One of the downsides of earning a living from photography is the steady trickle of begging emails and phone calls. The detail varies but the gist is the same - these people (the vast majority of whom, incidentally, are salaried) claim to have little or no budget, but offer the prospect of publicity beyond the photographer's wildest dreams. To paraphrase Harlan Ellison, go tell that to someone who's just fallen off the turnip wagon...
And then the same email, from the same airline, turned up in my inbox this morning. Here's an exerpt (with names removed to protect the innocent / prevent a lawsuit - delete whichever suits your mood):
'Dear Seb Rogers,
The staff of XXX XXX, the luxury magazine of XXX XXX, is in the process of planning our Spring 2008 “Sporting Life” issue, focusing on many high-end products and articles related to health, sports, fitness, and wellness.
One of the articles we are working on is a photographic feature story -- a visual compilation -- of some of the best places on earth to experience a particular sport shot by some of the best photographers in the world. Examples include spectacular settings for sports such as fly-fishing, hiking, kayaking, rock climbing, scuba diving, golf, biking, and surfing.
We are interested in showcasing ONE of your favorite images of biking, preferably at a location within a couple hours of a destination XXX XXX serves. Several well-known photographers will be participating in this effort.'
And so on, in a similar vein. Only this time, presumably because of the number of photographers refusing to prostrate themselves at the prospect of (gasp!) a byline in an in-flight magazine, the airline in question has spelt out their non-payment policy in very clear terms:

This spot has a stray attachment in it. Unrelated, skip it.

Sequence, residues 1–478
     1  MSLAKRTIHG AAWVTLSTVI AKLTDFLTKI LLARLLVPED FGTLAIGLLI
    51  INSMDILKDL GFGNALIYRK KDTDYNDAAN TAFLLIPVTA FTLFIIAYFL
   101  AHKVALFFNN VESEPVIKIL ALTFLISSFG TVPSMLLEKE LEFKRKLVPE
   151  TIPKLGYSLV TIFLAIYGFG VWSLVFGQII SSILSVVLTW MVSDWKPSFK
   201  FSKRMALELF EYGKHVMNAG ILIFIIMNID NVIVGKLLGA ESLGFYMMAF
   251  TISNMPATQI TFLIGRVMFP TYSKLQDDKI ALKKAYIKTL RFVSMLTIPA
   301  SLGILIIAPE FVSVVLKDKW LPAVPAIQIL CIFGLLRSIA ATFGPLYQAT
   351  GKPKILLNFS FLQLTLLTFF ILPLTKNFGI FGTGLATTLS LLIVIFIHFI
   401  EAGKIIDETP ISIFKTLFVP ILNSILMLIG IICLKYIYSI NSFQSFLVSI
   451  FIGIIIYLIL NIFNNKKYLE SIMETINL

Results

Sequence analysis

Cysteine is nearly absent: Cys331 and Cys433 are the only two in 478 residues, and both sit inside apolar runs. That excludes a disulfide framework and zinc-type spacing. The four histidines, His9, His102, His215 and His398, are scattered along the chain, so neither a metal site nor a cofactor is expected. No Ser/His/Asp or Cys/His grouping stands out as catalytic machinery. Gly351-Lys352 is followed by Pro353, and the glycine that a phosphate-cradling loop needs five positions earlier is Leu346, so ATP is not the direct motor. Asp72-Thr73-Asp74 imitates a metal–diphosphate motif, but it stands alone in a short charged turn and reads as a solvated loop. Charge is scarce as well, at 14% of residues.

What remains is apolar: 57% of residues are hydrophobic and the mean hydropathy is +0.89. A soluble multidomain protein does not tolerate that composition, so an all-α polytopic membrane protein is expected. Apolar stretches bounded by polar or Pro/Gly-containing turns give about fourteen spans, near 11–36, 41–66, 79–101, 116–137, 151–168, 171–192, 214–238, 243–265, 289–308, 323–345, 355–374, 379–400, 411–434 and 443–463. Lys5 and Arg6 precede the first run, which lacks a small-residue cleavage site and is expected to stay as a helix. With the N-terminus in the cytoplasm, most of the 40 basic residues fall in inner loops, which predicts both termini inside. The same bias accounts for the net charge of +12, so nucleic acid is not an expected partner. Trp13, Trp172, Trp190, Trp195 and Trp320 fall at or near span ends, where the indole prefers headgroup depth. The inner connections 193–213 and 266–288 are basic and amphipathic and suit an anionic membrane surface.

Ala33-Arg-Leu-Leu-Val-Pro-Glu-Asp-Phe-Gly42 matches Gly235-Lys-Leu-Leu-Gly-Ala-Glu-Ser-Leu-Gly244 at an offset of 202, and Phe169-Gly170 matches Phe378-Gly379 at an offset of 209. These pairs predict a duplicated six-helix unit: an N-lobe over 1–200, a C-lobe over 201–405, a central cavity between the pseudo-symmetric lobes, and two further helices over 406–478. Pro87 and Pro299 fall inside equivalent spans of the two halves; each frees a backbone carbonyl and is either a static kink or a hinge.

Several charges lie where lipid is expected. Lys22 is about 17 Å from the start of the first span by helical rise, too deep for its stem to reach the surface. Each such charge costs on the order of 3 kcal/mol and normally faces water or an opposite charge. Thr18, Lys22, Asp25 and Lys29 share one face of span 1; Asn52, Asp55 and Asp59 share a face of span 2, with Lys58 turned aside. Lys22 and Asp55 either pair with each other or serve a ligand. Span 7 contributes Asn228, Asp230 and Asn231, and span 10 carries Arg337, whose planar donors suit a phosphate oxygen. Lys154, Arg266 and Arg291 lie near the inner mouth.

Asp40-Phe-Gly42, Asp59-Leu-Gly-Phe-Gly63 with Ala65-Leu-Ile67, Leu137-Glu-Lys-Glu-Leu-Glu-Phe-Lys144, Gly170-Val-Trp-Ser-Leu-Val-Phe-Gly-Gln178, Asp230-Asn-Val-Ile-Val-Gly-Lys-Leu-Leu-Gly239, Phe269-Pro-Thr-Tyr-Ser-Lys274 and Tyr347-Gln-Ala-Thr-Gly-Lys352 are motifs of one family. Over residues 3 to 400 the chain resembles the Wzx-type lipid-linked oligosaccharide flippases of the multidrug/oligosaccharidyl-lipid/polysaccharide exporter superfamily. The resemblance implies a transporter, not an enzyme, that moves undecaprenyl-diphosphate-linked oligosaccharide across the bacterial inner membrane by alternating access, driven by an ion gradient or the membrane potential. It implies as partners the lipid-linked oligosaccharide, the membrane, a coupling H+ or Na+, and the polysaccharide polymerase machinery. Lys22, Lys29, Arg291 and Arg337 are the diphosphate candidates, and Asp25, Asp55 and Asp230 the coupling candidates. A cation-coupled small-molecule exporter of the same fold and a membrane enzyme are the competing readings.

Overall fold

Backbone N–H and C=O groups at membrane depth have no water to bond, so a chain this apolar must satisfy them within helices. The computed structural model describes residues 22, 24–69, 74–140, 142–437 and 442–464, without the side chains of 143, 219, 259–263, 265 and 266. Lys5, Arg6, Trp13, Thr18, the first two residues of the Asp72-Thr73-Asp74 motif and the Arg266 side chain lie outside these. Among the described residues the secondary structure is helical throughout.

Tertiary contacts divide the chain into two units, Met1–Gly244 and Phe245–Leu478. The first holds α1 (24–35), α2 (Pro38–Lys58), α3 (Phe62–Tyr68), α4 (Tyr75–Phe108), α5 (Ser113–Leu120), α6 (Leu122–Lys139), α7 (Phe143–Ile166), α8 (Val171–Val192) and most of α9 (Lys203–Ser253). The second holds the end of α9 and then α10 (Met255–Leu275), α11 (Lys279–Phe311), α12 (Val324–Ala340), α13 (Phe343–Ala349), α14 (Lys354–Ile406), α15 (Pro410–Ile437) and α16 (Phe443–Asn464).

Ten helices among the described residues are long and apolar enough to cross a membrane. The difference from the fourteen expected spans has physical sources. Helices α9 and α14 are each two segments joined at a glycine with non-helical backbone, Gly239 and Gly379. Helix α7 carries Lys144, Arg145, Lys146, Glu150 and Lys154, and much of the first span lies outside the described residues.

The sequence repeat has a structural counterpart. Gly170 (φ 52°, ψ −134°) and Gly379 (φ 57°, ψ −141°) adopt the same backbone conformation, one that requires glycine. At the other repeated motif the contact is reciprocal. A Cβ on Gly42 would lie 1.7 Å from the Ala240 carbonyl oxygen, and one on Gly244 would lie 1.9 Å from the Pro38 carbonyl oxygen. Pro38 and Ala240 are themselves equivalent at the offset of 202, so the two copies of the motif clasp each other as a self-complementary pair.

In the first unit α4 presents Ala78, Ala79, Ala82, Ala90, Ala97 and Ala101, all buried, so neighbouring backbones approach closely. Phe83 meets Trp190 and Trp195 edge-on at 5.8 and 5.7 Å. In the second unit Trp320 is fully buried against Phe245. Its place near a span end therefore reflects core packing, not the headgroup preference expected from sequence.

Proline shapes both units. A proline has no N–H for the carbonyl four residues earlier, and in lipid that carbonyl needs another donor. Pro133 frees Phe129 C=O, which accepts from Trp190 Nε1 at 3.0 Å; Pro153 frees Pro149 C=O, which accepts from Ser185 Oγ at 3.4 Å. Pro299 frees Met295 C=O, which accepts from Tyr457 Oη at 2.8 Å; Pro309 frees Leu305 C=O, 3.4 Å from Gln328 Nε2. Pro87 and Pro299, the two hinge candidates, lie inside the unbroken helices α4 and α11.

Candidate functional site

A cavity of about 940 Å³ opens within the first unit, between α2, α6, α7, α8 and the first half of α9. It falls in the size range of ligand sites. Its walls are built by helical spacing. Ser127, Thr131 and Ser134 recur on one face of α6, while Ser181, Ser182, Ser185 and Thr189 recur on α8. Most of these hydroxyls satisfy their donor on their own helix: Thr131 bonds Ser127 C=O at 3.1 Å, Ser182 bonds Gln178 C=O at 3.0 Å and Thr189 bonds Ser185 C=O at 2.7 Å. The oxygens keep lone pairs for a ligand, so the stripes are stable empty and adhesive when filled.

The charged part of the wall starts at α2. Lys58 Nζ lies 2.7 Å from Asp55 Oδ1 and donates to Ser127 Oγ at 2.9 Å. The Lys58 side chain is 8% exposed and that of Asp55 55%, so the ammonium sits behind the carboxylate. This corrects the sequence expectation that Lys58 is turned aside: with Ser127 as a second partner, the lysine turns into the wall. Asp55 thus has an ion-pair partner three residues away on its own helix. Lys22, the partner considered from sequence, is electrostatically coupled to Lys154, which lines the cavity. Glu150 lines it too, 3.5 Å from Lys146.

'To clarify, we are interested in publicizing ONE of your favorite images and featuring information on you, including your website, books, and other projects you're working on. This is an expose of top sports photographers. And because of the size and scope of this feature, and because it exposes your work, website and book project to potentially more than three million readers of XXX XXX first and business class, we are unable to pay for or in any way purchase an image from you. This effort would be for publicity purposes only, and we will understand (but will be disappointed) if it is not something you are interested in.'
They are, of course, going to be disappointed. But, since they'd been pretty cheeky to me, I couldn't resist the opportunity to be a bit cheeky back. Here's my reply:
Thank you for your email and your interest in my work.
I would be delighted to license one of my images for use in XXX XXX; however I note that you are unwilling to pay and so, on this occasion, I will have to decline. The vast majority of my clients don't fly First or Business, so I can see no value in the publicity and, unfortunately, a warm fuzzy glow doesn't help pay the mortgage.
I am, I have to say, disappointed (but not surprised) that XXX XXX feels the need to poach 'free' use from photographers in this way. Perhaps you could shave costs even further by persuading the magazine's printers that their credit on the masthead is sufficient payment?
Just a thought.
I take some comfort from the fact that they're clearly struggling to find enough photographers to fill the pages (I'm not kidding myself that I was anywhere near the top of their list). But the depressing thought is that they probably will, one way or another, manage to fill enough pages to make their feature a viable prospect. And not one of the contributing photographers will get any benefit from it.